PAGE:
Lenovo IdeaPad U410 Touch review
When we looked at Lenovo's IdeaPad U410 last year, it impressed us by offering an Ultrabook with dedicated graphics at a great price. The IdeaPad U410 Touch is an updated model of Lenovo's flagship ultraportable, and comes with a ten-point touchscreen alongside a few minor changes to its underlying components.
At 2kg, it’s a little heavy compared to other Ultrabooks, but it borrows the same stylish design as the original U410 and its largely metal chassis feels sturdy and well-made. Rather than opting for a wedge design like other manufacturers, it has a uniform thickness of 21mm from front to back. There were a few noticeable weak points, though, as we noticed a considerable amount of flex in the keyboard tray when typing. This is a problem we've seen on several of Lenovo's laptops, the original U410 included and, while it didn’t affect how we used the U410 Touch, it was still a little disappointing.
SPECS AND SPEED
Luckily, we found this fairly easy to overlook considering the rest of the U410 Touch’s merits, particularly the 2GB Nvidia GeForce 710M graphics chip. This is one of Nvidia’s newer chips and it managed an impressive 31.6fps in our Dirt Showdown test at a 1,280x720 resolution with graphics quality set to High. This matches the frame rate we saw on the more expensive award-winning Samsung Series 7 Ultra 730U3E, and increasing the resolution to the U410 Touch's native 1,366x768 saw a drop to only 27.9fps on the same settings.
It didn’t do too badly in our more demanding Crysis 2 test, either. The U410 Touch failed the test at a 1,366x768 resolution with Ultra quality graphics, but lowering the settings to High produced an impressive 29fps. At a resolution of 1,280x720 and with High graphics quality, it produced an average frame of 30.9fps. This is an excellent frame rate for a non-gaming laptop, especially an Ultrabook that retails at just over £700.
For everyday tasks, its 1.8GHz Intel Core i5-3337U processor and 4GB of RAM also provide plenty of power. It scored 43 in our multimedia benchmarks, which is a few points behind other laptops we’ve tested with this processor, but it supports multi-threading, can turbo boost to 2.7GHz and is plenty fast enough for everyday tasks, such as web browsing and word processing.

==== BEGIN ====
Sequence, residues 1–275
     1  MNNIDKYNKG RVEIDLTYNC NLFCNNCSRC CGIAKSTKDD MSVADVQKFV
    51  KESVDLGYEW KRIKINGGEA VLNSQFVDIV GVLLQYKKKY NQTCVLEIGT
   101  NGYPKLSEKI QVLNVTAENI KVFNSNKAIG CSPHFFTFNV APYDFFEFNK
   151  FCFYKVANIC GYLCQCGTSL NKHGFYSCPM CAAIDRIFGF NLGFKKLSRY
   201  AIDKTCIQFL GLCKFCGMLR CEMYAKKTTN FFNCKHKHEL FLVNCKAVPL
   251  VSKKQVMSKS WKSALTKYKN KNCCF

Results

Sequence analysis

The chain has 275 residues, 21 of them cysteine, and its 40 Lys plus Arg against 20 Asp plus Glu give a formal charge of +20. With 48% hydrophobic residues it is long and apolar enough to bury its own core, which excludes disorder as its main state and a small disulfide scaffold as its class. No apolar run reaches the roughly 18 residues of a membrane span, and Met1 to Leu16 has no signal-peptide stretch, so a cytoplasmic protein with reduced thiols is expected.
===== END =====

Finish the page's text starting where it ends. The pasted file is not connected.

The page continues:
Unfortunately its 14in touchscreen display is quite average compared to other touchscreen laptops we’ve seen and hasn't really improved since the original U410. Colours were bright and vibrant, but reds, greens and blues lacked depth and richness. Our solid black images also revealed that the top and bottom of the screen were noticeably lighter than the middle of the display, and adjusting the screen’s viewing angle did very little to help achieve a more uniform image.
Whites were also a little on the grey side, but its contrast levels were a little better. We were able to see a good level of detail in all of our high contrast test photos, but colours were admittedly quite on the cool side compared to our reference screen. We were also a little disappointed to see that the U410 Touch only had a standard 1,366x768 resolution, particularly considering how many Ultrabooks have either 1,920x1,080- or 1,600x900-resolution screens, such as the Samsung Series 7 Ultra.
INPUT AND PORTS
We liked its keyboard a lot more. Keys were bouncy and well-spaced and the flex in the keyboard tray didn’t affect our ability to type whatsoever. Its large all-in-one touchpad was also very accurate and responsive, and we could navigate through the desktop with ease. Windows 8 shortcuts and multitouch gestures such as two-finger scrolling were simple to use as well.
The U410 Touch has a good range of connection ports for an Ultrabook, too, but once again little has changed from its predecessor. There are two USB2 and two USB3 ports, an SD and MMC card reader, an HDMI video output for connecting it up to an external display, a combined headphone and microphone jack and a Fast Ethernet port.
Its battery life was a little more average, as it lasted 6 hours and 15 minutes in our light use test with the screen set to half brightness. This is what we’d normally expect to see from an Ultrabook, but it pales in comparison to the near 8 hours we managed to squeeze out of the Samsung Series 7 Ultra.
The Lenovo IdeaPad U410 Touch is a well-made touchscreen laptop, but we think its screen could be better. You won’t find many other Ultrabooks with a dedicated graphics chip for just over £700, so if you want a slim gaming laptop and your budget doesn’t quite stretch to the Samsung Series 7 Ultra, the Lenovo IdeaPad U410 Touch is well worth a look.
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